This is another tight budget year. Rising health care and pension costs, especially, are giving the Budget Division (and most Americans) nightmares.
I will propose three important changes to the draft 2007 Budget: money for a modest and faster pay raise for 7,000 municipal employees; funds for 8 new job placement counselors at the job training agency; and $1.6 million to pay part of the maintenance bill in Forest Park.
I plan to present those changes to members of the Board of Estimate & Apportionment (by letter) and the aldermanic Ways & Means committee this morning. Here’s my thinking about the proposed changes:
The City of St. Louis is undergoing a renaissance that has attracted national attention from USA Today, National Public Radio, Dow Jones News Service, and other news media. Our City looks better, is cleaner, safer, more beautiful, with more residents, better municipal services, and a growing tax base. Most importantly, there is a strong faith in the City’s future. Municipal employees have played a vital role in our City’s turn-around. Unfortunately, because of tight budgets and rising pension costs, we have not been able to adequately compensate them. Alderman Steve Conway and I have developed a plan to provide City employees a modest pay raise, effective January 1, 2007.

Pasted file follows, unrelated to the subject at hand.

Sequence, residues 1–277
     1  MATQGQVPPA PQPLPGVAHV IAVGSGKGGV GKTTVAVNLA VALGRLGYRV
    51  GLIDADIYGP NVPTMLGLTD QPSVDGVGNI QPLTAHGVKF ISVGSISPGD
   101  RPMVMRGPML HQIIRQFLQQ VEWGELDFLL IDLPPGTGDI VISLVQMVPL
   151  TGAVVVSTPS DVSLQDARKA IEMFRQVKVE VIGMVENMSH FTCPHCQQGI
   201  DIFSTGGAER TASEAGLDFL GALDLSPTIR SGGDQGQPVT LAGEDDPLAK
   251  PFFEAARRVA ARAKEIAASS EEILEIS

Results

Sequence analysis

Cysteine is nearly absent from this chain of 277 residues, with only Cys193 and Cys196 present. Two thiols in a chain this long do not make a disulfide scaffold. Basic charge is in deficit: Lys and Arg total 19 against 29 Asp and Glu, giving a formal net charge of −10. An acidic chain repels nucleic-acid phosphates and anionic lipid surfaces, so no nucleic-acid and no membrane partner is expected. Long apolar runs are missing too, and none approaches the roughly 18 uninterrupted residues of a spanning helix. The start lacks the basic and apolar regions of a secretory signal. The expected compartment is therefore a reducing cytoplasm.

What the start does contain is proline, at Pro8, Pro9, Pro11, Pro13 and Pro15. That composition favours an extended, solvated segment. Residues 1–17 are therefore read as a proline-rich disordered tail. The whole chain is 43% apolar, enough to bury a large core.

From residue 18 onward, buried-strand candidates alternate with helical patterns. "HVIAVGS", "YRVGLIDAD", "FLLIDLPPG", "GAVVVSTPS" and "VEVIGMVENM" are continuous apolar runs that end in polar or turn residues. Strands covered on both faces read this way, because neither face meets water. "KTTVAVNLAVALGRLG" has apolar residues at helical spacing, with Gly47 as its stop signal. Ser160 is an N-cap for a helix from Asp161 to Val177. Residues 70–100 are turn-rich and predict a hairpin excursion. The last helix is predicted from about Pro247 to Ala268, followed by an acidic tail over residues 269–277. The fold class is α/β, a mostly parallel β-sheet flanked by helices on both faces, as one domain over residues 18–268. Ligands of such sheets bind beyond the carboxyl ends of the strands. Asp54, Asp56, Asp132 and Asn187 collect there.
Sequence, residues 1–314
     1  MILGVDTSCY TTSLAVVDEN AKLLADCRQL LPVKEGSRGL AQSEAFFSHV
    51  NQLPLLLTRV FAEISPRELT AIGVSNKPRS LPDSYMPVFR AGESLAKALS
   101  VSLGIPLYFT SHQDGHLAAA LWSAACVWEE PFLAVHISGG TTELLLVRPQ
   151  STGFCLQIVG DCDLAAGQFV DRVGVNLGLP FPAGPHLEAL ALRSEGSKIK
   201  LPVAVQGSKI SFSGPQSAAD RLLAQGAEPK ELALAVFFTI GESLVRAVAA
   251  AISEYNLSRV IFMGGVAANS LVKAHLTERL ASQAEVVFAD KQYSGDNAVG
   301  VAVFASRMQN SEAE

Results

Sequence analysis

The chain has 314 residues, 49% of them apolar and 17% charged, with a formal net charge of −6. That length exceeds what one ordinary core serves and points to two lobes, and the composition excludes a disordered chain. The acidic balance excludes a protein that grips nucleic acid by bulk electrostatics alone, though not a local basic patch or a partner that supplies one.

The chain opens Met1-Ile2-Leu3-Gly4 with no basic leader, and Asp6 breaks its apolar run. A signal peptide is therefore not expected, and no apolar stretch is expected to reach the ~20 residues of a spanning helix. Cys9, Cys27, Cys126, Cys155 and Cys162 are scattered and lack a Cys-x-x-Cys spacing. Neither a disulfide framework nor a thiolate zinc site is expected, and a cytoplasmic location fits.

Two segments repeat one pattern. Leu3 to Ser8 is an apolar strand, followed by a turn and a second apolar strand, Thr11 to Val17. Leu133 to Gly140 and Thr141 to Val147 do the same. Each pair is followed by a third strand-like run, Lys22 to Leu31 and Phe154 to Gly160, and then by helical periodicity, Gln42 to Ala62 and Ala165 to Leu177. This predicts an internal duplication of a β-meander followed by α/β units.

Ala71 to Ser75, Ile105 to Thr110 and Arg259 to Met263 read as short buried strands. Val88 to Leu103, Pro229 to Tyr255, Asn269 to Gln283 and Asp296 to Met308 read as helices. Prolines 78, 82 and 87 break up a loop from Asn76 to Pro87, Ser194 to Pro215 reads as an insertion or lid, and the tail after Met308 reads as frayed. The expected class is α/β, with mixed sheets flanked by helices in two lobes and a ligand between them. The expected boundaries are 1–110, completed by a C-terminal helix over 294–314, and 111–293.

I noted in my recent State of the City address that more good jobs in the region could ease a lot of social problems including crime, neighborhood deterioration, and uninsured families. SLATE director Tom Jones has done a good job over the past couple of years matching workers with employers. Eight new job placement counselors will help accelerate his efforts.
It is not yet clear whether the City’s current lease with BJC will be extended or whether the lease payments will increase to $1.8 million a year, from approximately $150,000 a year. I am proposing we add $1.6 million from General Revenue to next year’s budget for the maintenance of Forest Park. If the lease is extended in time, that money will be available to improve other parks in the City instead.
These three changes mean a bigger budget than I had initially proposed.
The new spending in the budget will be offset by a growth in revenue, increased state prisoner reimbursement, and a reduction in management jobs.
These changes must be approved by the Board of Aldermen and the Board of Estimate & Apportionment. I hope they do so.